• Marbleized, glittering and chalkboard eggs are a snap to create, thanks to tips from Martha Stewart, Reader’s Digest and Home and Garden Network.
  • Glow-in-the-dark eggs for a nighttime hunt are more feasible than they might sound: Wiki How offers instructions.
  • Set your Easter table a little more creatively this year, with help from Martha Stewart and HGTV.
  • Real grass in Easter baskets? Why not? Try your hand at this unique project, with a simple how-to from the Mom-centered blog, HowDoesShe.
  • Homemade chocolate Easter eggs are made easy, thanks to directions from the BBC.
  • Kids can get into the bunny spirit with craft ideas from Spoonful.com.


For the first time in more than a century, a Faberge Easter egg—one that once belonged to Russian royalty—will be on display, reports BBC News. A scrap metal dealer in the United States bought the egg for approximately $14,000, with plans to melt it for gold, but soon discovered that it was one of only 50 created for the Russian royals, with a value of approximately 20M pounds, or $33M.

Tomorrow—Monday, April 21—the First Family will host the 136th annual White House Easter Egg Roll, with the theme, “Hop into Healthy, Swing into Shape.” The 2014 White House Keepsake Eggs come in four colors—pink, orange, blue and green—and include, of course, the signatures of both the President and First Lady. The Keepsake Eggs were incorporated into this White House tradition in 1981, when President Ronald Reagan and his wife hosted a hunt for wooden eggs. Find more information here.

Note: Easter is followed by the 50 days of Eastertide, which comes to an end on Pentecost Sunday.

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Categories: ChristianInternational Observances

Sacred Heart of Jesus: Catholics pay devotion to divine love

Stained glass window of Jesus opening cloak to reveal Sacred Heart

The Sacred Heart depiction includes a crown of thorns—representing the circumstances surrounding Jesus’ death—and fire, representing the transformative power of divine love. Photo courtesy of Fotopedia

FRIDAY, JUNE 7: From the renowned basilica in Paris to several religious orders bearing its name, Catholics today honor divine love on the feast of the Sacred Heart of Jesus. A relatively recent development in Christian history, devotion to the Sacred Heart—as it is known today—began in the late 17th century; the official feast didn’t appear on the Roman Catholic liturgical calendar until 1856. Christians believe that the human Jesus embodied God’s infinite love, and therefore, it is with passion that devotionals are held, 19 days after Pentecost. (Global Catholic Network suggests a Meditation, Novena Prayer and Offering.)

The first indications of modern devotion to the Sacred Heart began in the Middle Ages, although it was French Nun Marguerite Marie Alacoque who pressed for a greater commemoration. In the late 17th century, Margaret Mary began witnessing several apparitions of Jesus that allegedly told her how the faithful should practice devotion to the Sacred Heart. With the help of a nearby priest, news of Margaret Mary’s apparitions began to spread. (Wikipedia has details.) In 1873, Ecuador became the first country to be consecrated to the Sacred Heart.

Today, Roman Catholics enthrone the Sacred Heart with an elaborate ceremony. (A Catholic perspective is at Fish Eaters and Catholic Culture.org.) According to Mary Margaret, devotion to the Sacred Heart promised a series of blessings, but specific instructions had to be obeyed: for example, the first Friday of each month had to be set aside for consecration. If performed with sincerity, devotees are promised peace in the home, a blessing in undertakings and a refuge in life and in death.


Archbishop Andrew Yeom Soo-jung will lead 600 priests on a pilgrimage through Seoul today, in hopes that prayers recited at cathedrals and shrines along the way will bring peace to the Korean peninsula. (Catholic Culture has the story.) The purpose of the pilgrimage is threefold: to allow priests to reflect on their duties (the Sacred Heart promises devoted priests the ability to touch “the most hardened of hearts”); to spread awareness of Korean martyrs; and to pray for peace on this, the 60th anniversary year, of the Korean War.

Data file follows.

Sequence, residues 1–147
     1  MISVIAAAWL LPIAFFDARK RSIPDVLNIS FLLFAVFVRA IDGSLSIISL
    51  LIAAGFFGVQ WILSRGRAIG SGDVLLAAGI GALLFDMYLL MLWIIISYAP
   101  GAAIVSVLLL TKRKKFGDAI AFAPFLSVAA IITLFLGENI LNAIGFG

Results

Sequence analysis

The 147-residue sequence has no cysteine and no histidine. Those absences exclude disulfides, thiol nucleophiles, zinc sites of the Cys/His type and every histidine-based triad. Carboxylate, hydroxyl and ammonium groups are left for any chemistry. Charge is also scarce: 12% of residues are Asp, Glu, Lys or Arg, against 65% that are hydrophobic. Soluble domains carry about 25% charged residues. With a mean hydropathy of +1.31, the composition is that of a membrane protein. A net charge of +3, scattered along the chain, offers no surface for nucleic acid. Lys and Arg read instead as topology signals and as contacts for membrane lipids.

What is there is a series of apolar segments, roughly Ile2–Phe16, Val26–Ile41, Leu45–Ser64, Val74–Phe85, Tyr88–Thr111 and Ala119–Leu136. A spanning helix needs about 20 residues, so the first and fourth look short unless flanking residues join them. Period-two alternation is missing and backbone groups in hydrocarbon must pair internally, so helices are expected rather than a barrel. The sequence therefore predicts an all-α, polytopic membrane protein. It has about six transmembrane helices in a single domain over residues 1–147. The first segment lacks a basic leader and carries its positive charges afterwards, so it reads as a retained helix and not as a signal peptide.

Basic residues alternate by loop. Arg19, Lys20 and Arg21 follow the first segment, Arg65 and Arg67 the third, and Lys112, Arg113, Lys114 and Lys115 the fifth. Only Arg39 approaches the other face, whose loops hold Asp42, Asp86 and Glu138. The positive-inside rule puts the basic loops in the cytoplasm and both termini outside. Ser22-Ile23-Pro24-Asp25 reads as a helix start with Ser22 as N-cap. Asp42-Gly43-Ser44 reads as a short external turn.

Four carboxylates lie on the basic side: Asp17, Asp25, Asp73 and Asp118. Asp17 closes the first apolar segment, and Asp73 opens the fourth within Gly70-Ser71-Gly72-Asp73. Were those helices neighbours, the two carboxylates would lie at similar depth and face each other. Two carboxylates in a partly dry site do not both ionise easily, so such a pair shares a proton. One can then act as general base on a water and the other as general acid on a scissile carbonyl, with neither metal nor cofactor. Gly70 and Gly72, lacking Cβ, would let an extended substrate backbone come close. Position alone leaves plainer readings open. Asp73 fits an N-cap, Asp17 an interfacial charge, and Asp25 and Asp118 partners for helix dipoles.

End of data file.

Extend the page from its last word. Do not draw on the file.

Note: The Sacred Heart of Jesus is primarily a Catholic devotion, although it is observed in some high-church Anglican and Lutheran congregations.

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Categories: Christian

FEAST OF THE ASCENSION: Christians rejoice in Christ’s rising

Painting of Christ ascended above a crowd

Photo released via Wikimedia Commons

THURSDAY, MAY 9 & SUNDAY, MAY 12: Head to the hills today—if you’re a Christian, that is—because today is the Feast of the Ascension, celebrating Christ’s raising up into Heaven. In many areas, it’s common to climb nearby hills or mountains to commemorate Jesus ascending from what is traditionally described as the Mount of Olives. The feast is the Ascension (or Ascensio in Latin) to indicate to Christians Christ was raised up by His own powers.

Although the feast officially falls on May 9—and June 13, in the Eastern Church—most countries have received permission from the Vatican to move the feast’s observance to Sunday. (Wikipedia has details.) Australia, Ireland, Canada, England and most of the United States are just a few of the countries that will commemorate the Feast of the Ascension on Sunday, although a few U.S. cities—including Boston, New York and Philadelphia—retain the Thursday observance.

The Feast of the Ascension remains, quite possibly, one of the oldest commemorations of the Church. Although there is no documentary evidence of the feast prior to the 5th century, St. Augustine mentions it to be of Apostolic origin, and experts believe it may have instead been observed in combination with Easter or Pentecost.

Regardless, various customs have arisen through the centuries for this holiday, ranging from torch processions outside of churches to the elevation of a Christ figure through an opening in the church roof. In England, parishioners would often parade a banner with a lion at the front and a dragon at the back, symbolizing Christ’s triumph over the devil. Johann Sebastian Bach composed multiple cantatas for today’s services. (Learn more customs from FishEaters.)


Pope Francis recently preached about the Feast of the Ascension, in a declaration of “The courage to do great things, the humility to appreciate the little things.” Though observing the Feast of St. Mark at the time, Pope Francis spoke of the passage in the Gospel of Mark that describes the Ascension of Jesus. The homily focused on Jesus, prior to the Ascension, sending the apostles forth to preach the Gospel “to the end of the world.” (Read more from Radio Vatican.) Pope Francis urged today’s Christians, in a likewise manner, should continue this vocation.

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Categories: Christian